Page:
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And then there are the cornice: the incredible frames that Bardini collected. Any American art museum would give eye teeth for one of these marvelous frames.

 

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Moving into another gallery, I pass through another sumptuous doorway casing:

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Beautiful painted crucifixes were also collected by Bardini.  Below them, more cassone.

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I could spend a day in this museum just studying the ceilings:

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Or the Sienese sculpture:

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Below, you might think you are looking at a rug on a floor, but it is a ceiling:

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Upon leaving my favorite galleries, I go down this stairway, lined with rugs hung on walls.  Very effective.

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What a collection.  Despite the guards, I love this museum!

La Foce

La Foce, or “the mouth” of the Orcia river, in the beautiful Val d’Orcia, Toscana.  If there is a more beautiful place on earth, I’ve yet to find it.

Created by Iris Origo and her husband, this incredible formal Italian garden is set amidst the rugged Crete senesi.  This was my second visit, but I know there will be more visits in the future.  Last time I was there, it was late summer and the earth and foliage was rather brown. This time, after the rains we have been getting, it was vibrantly green.  It is beautiful in any season.

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https://www.lafoce.com/it/

 

The Pazzi Chapel at Santa Croce

Part 6 of my recent visit to the magnificent Franciscan basilica of Santa Croce. You can find the other posts here.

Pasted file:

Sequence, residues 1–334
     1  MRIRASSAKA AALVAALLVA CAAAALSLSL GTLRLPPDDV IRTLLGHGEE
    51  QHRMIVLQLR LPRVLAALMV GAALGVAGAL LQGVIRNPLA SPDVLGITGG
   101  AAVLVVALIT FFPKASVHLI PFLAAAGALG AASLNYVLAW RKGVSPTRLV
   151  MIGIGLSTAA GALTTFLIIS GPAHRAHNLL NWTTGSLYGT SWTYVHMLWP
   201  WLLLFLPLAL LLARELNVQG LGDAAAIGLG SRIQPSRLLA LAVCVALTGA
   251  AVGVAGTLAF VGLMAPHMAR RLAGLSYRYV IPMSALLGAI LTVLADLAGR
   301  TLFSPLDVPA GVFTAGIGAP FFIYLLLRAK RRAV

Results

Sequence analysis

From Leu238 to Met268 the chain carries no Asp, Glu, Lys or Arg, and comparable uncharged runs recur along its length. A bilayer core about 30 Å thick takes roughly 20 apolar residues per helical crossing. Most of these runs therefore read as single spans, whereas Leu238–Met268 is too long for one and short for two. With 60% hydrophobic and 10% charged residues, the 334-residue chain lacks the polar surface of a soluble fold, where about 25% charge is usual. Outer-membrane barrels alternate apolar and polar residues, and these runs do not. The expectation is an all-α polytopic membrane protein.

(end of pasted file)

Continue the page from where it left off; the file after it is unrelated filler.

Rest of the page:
Check out Santa Croce from the front.  I wonder how long we can enjoy the city before the tourists return? Not sure, but I am enjoying every second of the city in its current, quieter state.

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When you leave the interior of the church, walking into the cortile, you immediately see the splendid Pazzi Chapel.  The chapel wasn’t accessible yet when I was there, but even a look from the outside is enough to calm the soul.

 

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The Pazzi is seen in the plan below; note the circle in the plan and that’s the chapel. You can see how the green lawn in front sets it off.  Green grass is a rare commodity in Florence.

 

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Santa Croce, Part 5, June 2020

We have finally reached the final stretch of my recent visit to Santa Croce.  For the past few days, I have posted similarly on other parts of the church (you can find the posts here).

First, this tomb commemorating Rossini:

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Next up is one of the masterpieces of Santa Croce.  It is the tomb for Leonardo Bruni, created by Bernardo Rossellino:

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Then, the creme de la creme of sculpture in all of the Renaissance, in my humble opinion.  I adore this monument by Donatello.

 

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Moving further along towards the western end of the side aisle, we arrive at Canova’s tomb to Alfieri. I used to swoon for Canova and Neoclassicism.  I still like this sculptural work.

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And Dante, who was exiled and whose body is preserved in Ravenna.  In the 19th century he was given this cenotaph in the celebrity burial place of Florence, Santa Croce.

 

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I love the way the couple is admiring this monument in these pictures.

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And then, of course, there is the tomb for Michelangelo, created by Vasari.

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And, upon leaving (or entering) the basilica, the font with holy water for the faithful is perhaps the most beautifully wrought example of its kind:

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Niccolini tomb on the western wall, between 2 portals.